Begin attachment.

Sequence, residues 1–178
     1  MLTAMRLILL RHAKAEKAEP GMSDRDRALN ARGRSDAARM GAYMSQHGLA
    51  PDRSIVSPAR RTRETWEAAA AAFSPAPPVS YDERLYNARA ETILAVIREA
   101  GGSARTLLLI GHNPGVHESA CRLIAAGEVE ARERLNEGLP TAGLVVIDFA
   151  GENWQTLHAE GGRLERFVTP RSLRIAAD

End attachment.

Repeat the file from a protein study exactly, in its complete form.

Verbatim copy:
Sequence, residues 1–178
     1  MLTAMRLILL RHAKAEKAEP GMSDRDRALN ARGRSDAARM GAYMSQHGLA
    51  PDRSIVSPAR RTRETWEAAA AAFSPAPPVS YDERLYNARA ETILAVIREA
   101  GGSARTLLLI GHNPGVHESA CRLIAAGEVE ARERLNEGLP TAGLVVIDFA
   151  GENWQTLHAE GGRLERFVTP RSLRIAAD